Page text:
Any researcher would agree: clinical trials are becoming much more challenging in terms of data collection and recruiting eligible patients. As a result, many trials can either be too intensive or too large, or have too few eligible patients, for a single institution to conduct. Because TBCRC organizations work together, trials conducted through the consortium take place across several institutions, instead of just one, increasing the power of the trial results.
“The TBCRC fills a space in the breast cancer world that was entirely vacant, and with the decline in federal funding, work done by the TBCRC is more important than ever,” says Eric Winer, MD, one of the founders of the TBCRC and a member of the Steering Committee, as well as Komen’s Chief Scientific Advisor. “And you can’t underestimate the importance of bringing investigators together from across the country to discuss new and ongoing trials,” Winer adds.
All TBCRC clinical trials are driven by the most pressing questions in breast cancer. Attendees work together to make sure that the trials conducted through the TBCRC will answer important questions, successfully recruit patients, and are designed to get meaningful results. They are not dictated by the interests of the biotech or pharmaceutical industry. This is possible thanks to support from various sources, including Komen.
The TBCRC also serves as a training ground for next generation of breast cancer clinical researchers. As funding for cooperative and other groups dwindles, opportunities for researchers to conduct trials also diminish.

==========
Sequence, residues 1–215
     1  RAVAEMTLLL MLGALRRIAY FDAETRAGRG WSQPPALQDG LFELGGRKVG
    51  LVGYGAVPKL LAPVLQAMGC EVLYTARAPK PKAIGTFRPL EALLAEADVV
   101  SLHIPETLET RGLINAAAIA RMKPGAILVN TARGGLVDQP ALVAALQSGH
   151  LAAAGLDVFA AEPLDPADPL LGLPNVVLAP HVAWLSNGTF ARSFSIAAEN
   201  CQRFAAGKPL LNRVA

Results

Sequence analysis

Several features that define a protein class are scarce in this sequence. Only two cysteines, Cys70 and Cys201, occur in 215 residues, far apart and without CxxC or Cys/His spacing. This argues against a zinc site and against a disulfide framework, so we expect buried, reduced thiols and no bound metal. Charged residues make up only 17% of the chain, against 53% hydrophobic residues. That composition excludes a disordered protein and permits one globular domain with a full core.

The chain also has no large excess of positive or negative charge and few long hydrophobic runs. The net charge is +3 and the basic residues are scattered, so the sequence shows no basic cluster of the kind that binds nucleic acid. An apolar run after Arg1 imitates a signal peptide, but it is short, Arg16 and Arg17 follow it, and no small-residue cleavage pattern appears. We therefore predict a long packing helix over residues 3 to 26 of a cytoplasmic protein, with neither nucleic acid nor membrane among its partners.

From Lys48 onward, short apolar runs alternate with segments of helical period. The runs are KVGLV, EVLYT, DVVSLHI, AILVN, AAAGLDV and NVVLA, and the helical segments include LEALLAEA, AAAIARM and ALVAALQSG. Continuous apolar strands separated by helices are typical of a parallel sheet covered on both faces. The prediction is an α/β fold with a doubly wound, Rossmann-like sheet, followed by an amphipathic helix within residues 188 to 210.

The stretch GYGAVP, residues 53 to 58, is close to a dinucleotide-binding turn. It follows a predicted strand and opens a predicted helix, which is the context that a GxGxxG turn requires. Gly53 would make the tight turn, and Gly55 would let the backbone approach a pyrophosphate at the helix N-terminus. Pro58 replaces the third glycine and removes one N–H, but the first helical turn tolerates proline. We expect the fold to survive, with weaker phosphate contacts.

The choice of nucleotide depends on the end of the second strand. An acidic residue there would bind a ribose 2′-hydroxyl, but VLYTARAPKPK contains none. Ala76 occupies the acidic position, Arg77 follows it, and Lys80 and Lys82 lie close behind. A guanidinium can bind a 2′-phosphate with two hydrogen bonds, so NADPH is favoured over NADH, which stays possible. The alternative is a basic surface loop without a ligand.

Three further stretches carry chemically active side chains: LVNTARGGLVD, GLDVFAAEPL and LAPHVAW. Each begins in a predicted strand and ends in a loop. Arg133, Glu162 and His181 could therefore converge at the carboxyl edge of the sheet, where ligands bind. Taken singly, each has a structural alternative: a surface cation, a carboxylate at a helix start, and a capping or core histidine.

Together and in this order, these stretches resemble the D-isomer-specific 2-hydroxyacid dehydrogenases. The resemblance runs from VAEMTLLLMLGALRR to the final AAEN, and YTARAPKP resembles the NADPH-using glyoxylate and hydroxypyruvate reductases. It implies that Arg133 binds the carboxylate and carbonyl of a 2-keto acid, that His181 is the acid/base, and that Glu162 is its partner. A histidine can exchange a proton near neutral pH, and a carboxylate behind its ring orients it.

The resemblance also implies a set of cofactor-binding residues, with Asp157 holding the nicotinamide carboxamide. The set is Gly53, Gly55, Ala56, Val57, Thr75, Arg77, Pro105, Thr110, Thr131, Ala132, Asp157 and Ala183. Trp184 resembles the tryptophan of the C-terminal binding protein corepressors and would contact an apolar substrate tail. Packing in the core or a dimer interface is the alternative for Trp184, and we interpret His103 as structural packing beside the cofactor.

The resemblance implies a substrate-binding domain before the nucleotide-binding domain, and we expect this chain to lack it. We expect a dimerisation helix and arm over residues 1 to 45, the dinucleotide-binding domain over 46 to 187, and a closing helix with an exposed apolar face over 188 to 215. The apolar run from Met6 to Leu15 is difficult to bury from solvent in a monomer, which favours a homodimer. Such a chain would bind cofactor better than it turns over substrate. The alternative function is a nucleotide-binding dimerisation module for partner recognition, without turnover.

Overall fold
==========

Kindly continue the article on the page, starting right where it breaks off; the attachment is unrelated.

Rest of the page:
“Today, younger investigators have fewer opportunities than ever to propose new concepts and successfully test them in clinical trials. The TBCRC offers them a safe harbor where their ideas receive early input from more experienced investigators, thereby increasing the chances of successfully completing studies that could influence routine clinical practice and serve as the foundation for larger scale clinical trials,” says Antonio Wolff, MD, TBCRC Executive Officer and a member of its Steering Committee, and a Komen Scholar. Wolff emphasizes,“The opportunity to be a part of a successful team early on is critical to ensure that the brightest and most productive minds continue a career in breast cancer research.”
One of the highlights of the TBCRC meeting was when a medical oncologist from the University of Michigan approached Kim and me to say, “Thank you.” She conveyed the importance of organizations like Komen in supporting the TBCRC, and passed on the sentiments of her patients, who appreciated participating in a TBCRC trial that is supported by an organization they know and trust.
We’re proud to support the TBCRC, as its members work to accelerate the clinical trials process and change the way many women and men with breast cancer are treated in the future.
Stayed tuned for future updates on the TBCRC and results from TBCRC trials.